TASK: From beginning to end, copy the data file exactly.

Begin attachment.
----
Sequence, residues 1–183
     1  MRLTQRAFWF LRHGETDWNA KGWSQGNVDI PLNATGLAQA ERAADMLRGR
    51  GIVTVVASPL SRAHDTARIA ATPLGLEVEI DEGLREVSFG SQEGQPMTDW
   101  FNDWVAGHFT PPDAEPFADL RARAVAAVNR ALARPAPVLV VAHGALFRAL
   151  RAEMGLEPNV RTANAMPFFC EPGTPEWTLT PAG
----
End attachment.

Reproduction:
Sequence, residues 1–183
     1  MRLTQRAFWF LRHGETDWNA KGWSQGNVDI PLNATGLAQA ERAADMLRGR
    51  GIVTVVASPL SRAHDTARIA ATPLGLEVEI DEGLREVSFG SQEGQPMTDW
   101  FNDWVAGHFT PPDAEPFADL RARAVAAVNR ALARPAPVLV VAHGALFRAL
   151  RAEMGLEPNV RTANAMPFFC EPGTPEWTLT PAG